AIR Chorus and AIR Multi-Chorus seem very similar. The main difference between the Chorus and the Multi-Chorus is that the Multi-Chorus lets you set the number of voices. This helps create a thicker effect. Both the AIR Ensemble and the AIR Flanger are closely connected to the choruses. All four fill their spots nicely, but don’t expect anything out of the ordinary. The flanger, possibly crucial for human survival, is an especially welcomed addition according to this son of a gun.

Kudos for the AIR Filter Gate! A unique effect that somehow doesn’t feel as limited with it’s plenty of patterns and different filters. It will help you to space out, but I can see the possibility to create entirely new rhythmic patterns here as well. I think I will have fun with this and will keep it in the plug-in folder… At least for a while.

Also kudos for the AIR Vintage Filter. I don’t use much software filters, and have up until now kept the Sonalksis TBK filter around whenever I feel the need. I think I’ll kick it out and keep the Vintage Filter instead. While the L24 setting isn’t exactly a Moog, it’s still pretty wicked, especially when you start turning that Fat knob.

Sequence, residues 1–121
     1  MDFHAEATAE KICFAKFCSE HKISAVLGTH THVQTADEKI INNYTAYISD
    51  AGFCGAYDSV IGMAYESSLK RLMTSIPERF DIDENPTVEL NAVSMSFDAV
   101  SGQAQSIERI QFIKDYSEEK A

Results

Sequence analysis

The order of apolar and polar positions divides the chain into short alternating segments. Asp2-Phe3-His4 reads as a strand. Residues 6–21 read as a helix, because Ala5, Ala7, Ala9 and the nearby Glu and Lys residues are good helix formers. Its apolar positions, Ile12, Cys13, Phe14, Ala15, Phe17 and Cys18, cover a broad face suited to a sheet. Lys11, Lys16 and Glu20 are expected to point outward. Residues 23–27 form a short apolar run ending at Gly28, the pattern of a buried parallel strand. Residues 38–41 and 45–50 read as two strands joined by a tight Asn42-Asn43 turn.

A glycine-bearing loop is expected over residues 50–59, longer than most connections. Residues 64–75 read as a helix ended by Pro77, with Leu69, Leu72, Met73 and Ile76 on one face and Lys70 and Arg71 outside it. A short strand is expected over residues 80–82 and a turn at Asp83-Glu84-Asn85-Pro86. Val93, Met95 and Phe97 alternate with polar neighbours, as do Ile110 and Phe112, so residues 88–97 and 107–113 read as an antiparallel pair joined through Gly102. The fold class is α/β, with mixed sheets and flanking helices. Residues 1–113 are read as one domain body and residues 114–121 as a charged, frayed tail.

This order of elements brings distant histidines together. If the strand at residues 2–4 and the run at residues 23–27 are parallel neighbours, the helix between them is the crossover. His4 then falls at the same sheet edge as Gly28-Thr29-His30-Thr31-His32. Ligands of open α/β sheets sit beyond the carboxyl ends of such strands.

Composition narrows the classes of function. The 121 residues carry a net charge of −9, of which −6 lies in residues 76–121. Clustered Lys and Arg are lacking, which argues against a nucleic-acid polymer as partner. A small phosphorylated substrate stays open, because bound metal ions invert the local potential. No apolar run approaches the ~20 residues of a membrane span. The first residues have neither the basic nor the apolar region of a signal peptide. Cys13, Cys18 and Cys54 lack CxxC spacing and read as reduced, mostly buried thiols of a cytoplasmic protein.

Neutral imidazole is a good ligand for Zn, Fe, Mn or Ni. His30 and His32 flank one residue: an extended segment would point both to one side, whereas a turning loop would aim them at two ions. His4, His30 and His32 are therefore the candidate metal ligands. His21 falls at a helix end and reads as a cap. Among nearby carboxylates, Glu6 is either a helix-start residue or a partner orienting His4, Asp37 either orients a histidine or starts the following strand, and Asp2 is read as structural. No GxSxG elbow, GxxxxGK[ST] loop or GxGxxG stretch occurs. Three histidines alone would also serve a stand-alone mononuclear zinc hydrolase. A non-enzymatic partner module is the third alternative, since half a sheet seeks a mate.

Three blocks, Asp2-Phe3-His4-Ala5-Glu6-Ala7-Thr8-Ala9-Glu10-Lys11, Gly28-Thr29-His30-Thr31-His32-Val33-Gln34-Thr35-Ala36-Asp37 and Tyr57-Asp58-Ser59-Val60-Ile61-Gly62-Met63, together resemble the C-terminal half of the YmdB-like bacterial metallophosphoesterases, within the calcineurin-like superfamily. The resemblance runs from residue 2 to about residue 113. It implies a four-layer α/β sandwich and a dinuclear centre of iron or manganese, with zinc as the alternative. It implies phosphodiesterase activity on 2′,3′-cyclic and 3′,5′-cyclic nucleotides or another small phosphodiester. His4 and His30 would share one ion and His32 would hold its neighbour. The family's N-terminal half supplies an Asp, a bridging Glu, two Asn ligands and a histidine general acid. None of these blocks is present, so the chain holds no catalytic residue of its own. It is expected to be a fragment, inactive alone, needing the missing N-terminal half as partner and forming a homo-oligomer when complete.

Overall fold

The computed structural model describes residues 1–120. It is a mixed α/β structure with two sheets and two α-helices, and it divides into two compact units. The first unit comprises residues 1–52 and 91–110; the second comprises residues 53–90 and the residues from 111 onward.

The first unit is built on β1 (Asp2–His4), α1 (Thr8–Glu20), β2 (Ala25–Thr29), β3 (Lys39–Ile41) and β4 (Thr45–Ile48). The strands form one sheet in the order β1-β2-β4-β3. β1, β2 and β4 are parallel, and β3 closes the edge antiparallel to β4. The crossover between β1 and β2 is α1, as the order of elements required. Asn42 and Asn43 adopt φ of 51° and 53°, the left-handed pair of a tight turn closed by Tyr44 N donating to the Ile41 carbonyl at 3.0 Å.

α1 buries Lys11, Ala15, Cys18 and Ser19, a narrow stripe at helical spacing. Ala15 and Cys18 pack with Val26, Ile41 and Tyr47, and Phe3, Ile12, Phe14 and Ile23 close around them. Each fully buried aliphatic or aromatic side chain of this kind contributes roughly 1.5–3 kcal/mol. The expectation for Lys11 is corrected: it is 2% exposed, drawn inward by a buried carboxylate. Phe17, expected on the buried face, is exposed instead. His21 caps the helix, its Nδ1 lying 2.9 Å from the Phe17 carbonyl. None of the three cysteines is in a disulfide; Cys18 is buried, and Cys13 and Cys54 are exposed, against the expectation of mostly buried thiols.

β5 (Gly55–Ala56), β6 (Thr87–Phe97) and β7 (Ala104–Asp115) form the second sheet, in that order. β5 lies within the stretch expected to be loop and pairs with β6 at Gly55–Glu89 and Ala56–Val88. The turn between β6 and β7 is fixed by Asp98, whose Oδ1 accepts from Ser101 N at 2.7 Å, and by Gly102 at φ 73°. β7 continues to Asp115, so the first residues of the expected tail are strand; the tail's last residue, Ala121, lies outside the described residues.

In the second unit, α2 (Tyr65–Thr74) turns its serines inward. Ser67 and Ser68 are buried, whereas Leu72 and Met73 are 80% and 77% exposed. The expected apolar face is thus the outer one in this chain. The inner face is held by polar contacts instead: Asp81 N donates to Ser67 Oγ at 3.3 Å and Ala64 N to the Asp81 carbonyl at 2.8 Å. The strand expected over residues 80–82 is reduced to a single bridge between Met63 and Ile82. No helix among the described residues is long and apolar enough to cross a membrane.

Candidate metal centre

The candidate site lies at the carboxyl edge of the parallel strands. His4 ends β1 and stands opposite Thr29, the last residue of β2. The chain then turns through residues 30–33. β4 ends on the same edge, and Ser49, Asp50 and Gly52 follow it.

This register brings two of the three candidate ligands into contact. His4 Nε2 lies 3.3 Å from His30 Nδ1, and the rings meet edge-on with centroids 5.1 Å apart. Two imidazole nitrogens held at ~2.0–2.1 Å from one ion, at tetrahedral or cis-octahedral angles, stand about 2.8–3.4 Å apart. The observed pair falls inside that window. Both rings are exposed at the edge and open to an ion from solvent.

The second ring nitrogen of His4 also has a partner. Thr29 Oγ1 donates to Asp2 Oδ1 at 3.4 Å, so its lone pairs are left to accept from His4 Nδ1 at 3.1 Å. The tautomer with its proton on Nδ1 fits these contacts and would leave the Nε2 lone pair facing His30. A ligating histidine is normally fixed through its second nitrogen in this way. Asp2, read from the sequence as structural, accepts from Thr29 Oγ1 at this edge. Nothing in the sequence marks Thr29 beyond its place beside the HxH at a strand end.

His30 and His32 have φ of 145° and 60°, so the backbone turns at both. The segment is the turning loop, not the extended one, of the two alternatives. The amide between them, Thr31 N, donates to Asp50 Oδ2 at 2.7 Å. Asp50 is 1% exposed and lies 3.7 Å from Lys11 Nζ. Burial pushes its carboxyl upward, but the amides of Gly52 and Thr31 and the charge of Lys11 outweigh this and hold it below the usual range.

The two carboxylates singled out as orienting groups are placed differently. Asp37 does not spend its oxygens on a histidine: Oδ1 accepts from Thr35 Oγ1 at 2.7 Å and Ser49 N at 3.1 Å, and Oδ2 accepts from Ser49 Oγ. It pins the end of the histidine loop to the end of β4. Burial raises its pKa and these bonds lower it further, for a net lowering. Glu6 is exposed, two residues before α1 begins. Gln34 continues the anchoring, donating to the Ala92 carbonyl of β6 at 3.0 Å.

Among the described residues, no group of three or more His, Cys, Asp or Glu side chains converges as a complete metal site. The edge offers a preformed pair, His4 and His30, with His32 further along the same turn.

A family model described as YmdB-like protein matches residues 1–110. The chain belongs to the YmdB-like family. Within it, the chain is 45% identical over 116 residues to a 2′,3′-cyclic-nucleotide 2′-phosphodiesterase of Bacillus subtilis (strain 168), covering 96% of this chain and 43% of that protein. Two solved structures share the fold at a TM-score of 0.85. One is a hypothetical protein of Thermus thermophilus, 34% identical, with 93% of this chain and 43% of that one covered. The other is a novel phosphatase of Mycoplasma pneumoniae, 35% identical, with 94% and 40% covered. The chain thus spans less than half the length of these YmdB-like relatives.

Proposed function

I don’t know what to say about the AIR Talkbox other than “thanks, didn’t know I needed one, but it could be cool for an effect or two sometime. Now build me that AIR Space Station!” (see ‘the rest’ below) .


Starting with AIR Distortion, I’ll say right away that I don’t like this. I’d actually pick Sansamp over it. I’ve come to the conclusion that I don’t really care for AIRs distortion at higher settings. Remember I said I didn’t really like Vacuums gain at high settings either? Same goes for AIR Fuzz-Wah, even if I think it’s saved a little because of it’s flexibility. Thanks to the wah and the modulation you can come up with some pretty crazy sounds. I might keep it around, but I’m still not sure.

Speaking of crazy sounds, AIR Lo-Fi is a pretty nice addition. Like the Fuzz-Wah, it actually has fair amount of parameters to tweak, despite being part of the CreativeCollection. There aren’t that many bit-crushers and sample destroyers around. Decimate from SoundHack and the TBK from Sonalksis are two of them. Both were designed to be simple and doesn’t feature nearly as much flexibility as AIR Lo-Fi. There’s of course also the old Digidesign Lo-Fi, which isn’t as interesting either. AIR Lo-Fi is without a doubt a very good addition for your destruction needs if you don’t want to go outside of the box.